Moody's late on Thursday cut Slovenia's government bond rating to Baa2 from A2, just two notches above junk, on worries about the country's banking system and rising vulnerability to shocks.
"We are disappointed that the agency did not take into account the measures the government has passed in the last few months in the area of consolidating public finances," the finance ministry said in a statement.
Slovenia dissociates its problems from those of Spain, Italy or Greece
The statement said the government "deeply regrets Moody's decision because Slovenia's macroeconomic indicators, including deficit and public debt, cannot be compared to Spain, Italy or Greece". "Likewise, the problems in the banking sector are not as serious as in Spain."
The rating agency statement on Thursday said the negative outlook reflected Moody's view that the sovereign's funding challenges and risks from the financial system remain substantial.
"The deteriorating macroeconomic environment amplifies this risk and opens the possibility that external assistance may be required," Moody's added.
Slovenia's budget deficit soared to 6.4% of GDP in 2011 from zero in 2007, as its economy reversed a decade of strong growth, but the centre-right government of Prime Minister Janez Jansa hopes to cut it to 3.6% this year.
Its mostly state-owned banks are likely to end 2012 with a loss for a fourth straight year, after a combined loss of €200 million euros in 2011, largely due to rising bad loans.
Prime Minister Jansa denies Slovenia needs outside help
Last month, the government's macroeconomic institute said local banks' bad loans had reached €6 billion in the first quarter and were likely to rise further.
In its Thursday statement, Moody's said the banking system was likely to face increases in non-performing loans on its books.
Standard & Poor's rates Slovenia A-plus, and Fitch rates the country A. Both those ratings carry negative outlooks.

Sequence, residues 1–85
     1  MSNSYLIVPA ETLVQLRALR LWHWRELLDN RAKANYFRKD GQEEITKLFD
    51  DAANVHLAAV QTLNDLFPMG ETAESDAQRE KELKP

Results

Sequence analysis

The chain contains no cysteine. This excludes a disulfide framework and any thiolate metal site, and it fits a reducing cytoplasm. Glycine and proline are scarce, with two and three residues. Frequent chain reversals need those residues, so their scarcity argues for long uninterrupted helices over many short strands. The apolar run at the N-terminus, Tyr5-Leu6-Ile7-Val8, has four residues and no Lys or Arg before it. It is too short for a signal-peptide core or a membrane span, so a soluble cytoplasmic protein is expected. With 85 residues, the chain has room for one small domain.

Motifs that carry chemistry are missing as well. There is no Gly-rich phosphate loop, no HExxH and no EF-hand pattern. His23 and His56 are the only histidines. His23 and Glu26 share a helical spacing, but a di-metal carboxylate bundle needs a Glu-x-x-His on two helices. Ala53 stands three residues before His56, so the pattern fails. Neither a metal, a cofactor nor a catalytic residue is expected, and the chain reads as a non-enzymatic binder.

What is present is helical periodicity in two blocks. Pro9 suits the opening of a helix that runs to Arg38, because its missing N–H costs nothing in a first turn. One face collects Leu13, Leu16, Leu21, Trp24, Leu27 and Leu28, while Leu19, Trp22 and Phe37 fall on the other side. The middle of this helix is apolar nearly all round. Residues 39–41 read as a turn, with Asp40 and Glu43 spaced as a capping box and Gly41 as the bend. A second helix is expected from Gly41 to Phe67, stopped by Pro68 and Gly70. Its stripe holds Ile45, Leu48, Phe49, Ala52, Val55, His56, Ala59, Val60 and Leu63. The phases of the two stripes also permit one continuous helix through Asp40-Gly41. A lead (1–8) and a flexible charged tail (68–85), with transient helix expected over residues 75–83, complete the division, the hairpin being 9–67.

Jansa's government has strongly denied market rumours that Slovenia could become the sixth eurozone country to ask for outside help because of its troubled banks.
Meanwhile Spain inched closer to seeking a sovereign bailout on Friday as Prime Minister Mariano Rajoy opened the door to a request, although he said he needed first to know the attached conditions as well as the form the rescue would take.
Spain mulls request
At a news conference on Friday, the first he has attended after the weekly cabinet meeting since he took power in December, Rajoy said no decision could be taken until further details are agreed. But he said he was ready to do what is best for the country.
He went further than yesterday, when Rajoy three times declined to say whether he would seek aid and trigger a concerted action of the European Central Bank and the European Union rescue funds to bring down Spain's borrowing costs.
"I will do, as I always do, what I believe to be in the best interest of the Spanish people," Rajoy said on Friday.
"We still don't know what these measures are," he said, with reference to a comment by European Central Bank president Mario Draghi that the bank was examining non-conventional measures to defend the euro.
"What I want to know is what these measures are, what they mean and whether they are appropriate and, in light of the circumstances, we will make a decision, but I have still not taken any decision," he said.